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THERE 's a memory keeps a-runnin'
Through my weary head to-night,
An' I see a picture dancin'
In the fire-flames' ruddy light;
'T is the picture of an orchard
Wrapped in autumn's purple haze,
With the tender light about it
That I loved in other days.
An' a-standin' in a corner
Once again I seem to see
The verdant leaves an' branches
Of an old apple-tree.

You perhaps would call it ugly,
An' I don't know but it 's so,
When you look the tree all over
Unadorned by memory's glow;

For its boughs are gnarled an' crooked,
An' its leaves are gettin' thin,
An' the apples of its bearin'
Would n't fill so large a bin
As they used to. But I tell you,
When it comes to pleasin' me,
It 's the dearest in the orchard,--
Is that old apple-tree.

I would hide within its shelter,
Settlin' in some cosy nook,
Where no calls nor threats could stir me
From the pages o' my book.
Oh, that quiet, sweet seclusion
In its fulness passeth words!
It was deeper than the deepest
That my sanctum now affords.
Why, the jaybirds an' the robins,
They was hand in glove with me,
As they winked at me an' warbled
In that old apple-tree.

It was on its sturdy branches
That in summers long ago
I would tie my swing an' dangle
In contentment to an' fro,
Idly dreamin' childish fancies,
Buildin' castles in the air,
Makin' o' myself a hero
Of romances rich an' rare.
I kin shet my eyes an' see it
Jest as plain as plain kin be,
That same old swing a-danglin'
To the old apple-tree.

There 's a rustic seat beneath it
That I never kin forget.
It 's the place where me an' Hallie--
Little sweetheart--used to set,
When we 'd wander to the orchard
So 's no listenin' ones could hear
As I whispered sugared nonsense
Into her little willin' ear.
Now my gray old wife is Hallie,
An' I 'm grayer still than she,
But I 'll not forget our courtin'
'Neath the old apple-tree.

Life for us ain't all been summer,
But I guess we 've had our share
Of its flittin' joys an' pleasures,
An' a sprinklin' of its care.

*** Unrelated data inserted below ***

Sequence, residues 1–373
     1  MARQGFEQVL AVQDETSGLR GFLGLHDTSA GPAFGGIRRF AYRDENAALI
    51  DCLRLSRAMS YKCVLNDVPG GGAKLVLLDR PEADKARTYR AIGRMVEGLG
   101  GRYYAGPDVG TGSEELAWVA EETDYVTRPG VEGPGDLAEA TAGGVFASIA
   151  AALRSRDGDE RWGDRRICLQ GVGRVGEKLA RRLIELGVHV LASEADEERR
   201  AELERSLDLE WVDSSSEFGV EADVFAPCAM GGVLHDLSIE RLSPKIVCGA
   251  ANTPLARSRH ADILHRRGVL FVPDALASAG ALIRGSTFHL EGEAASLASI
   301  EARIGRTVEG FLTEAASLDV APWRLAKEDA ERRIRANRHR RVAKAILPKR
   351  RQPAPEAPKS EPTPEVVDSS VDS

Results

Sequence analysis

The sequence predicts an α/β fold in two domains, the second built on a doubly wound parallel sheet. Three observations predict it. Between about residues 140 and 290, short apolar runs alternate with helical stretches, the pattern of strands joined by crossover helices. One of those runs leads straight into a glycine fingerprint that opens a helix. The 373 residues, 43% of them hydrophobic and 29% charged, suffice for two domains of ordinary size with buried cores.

Oft the skies have smiled upon us;
Then again we 've seen 'em frown,
Though our load was ne'er so heavy
That we longed to lay it down.
But when death does come a-callin',
This my last request shall be,--
That they 'll bury me an' Hallie
'Neath the old apple-tree.


-from Lyrics of Lowly Life, Paul Laurence Dunbar (1869)

Paul Lawrence Dunbar, was an American poet, but what's even more remarkable is that he was the son of freed slaves in Dayton, Ohio. His best know work was published in a single volume, Lyrics of a Lowly Life (1896). William Dean Howells wrote the introduction and notes that Dunbar was the first black poet to express the lyrical qualities of black life and black dialect. Although not all were written in dialect he still was very distinguished, publishing four novels and several short stories.

Dunbar supported himself as an elevator operator at the beginning of his career and in what was very exceptional for the times managed to eventually support himself and his family from the earnings of his writings. James Whitcomb Riley a popular contempory was well known for nostalgic dialect verse and often referred to as “the poet of the common people.” Some of his influences can be found in The Old Apple Tree yet Dunbar adds some specific nuances that make the voice his own.

The dialect, though characteristically midwestern, is melodious to American ears (though probably not to English ones); the lines "I whispered sugared nonsense/Into her little willin' ear" ring true; the comment about "unadorn'd by memory's glow" may be a poke at the Riley school of sugarcoated sentimentality. No doubt this helped Dunbar's Lyrics of Lowly Life become his best selling work and the volume also contained poems of much higher quality such as We Wear the Mask.

He was also a classmate of two other Dayton men who gained national prominence Orville and Wilbur Wright. Although he lived to be only 33, not only was he a success with the standard English of the classical poet he was very gifted in the stirring dialect of the turn-of-the-century black community in America in the way that Mark Twain was in using prose to convey character.

Sources:

Bram, Robert Philips, Norma H. Dicky, "Dunbar,Paul Lawrence", Funk & Wagnalls New Encyclopedia , 1988.

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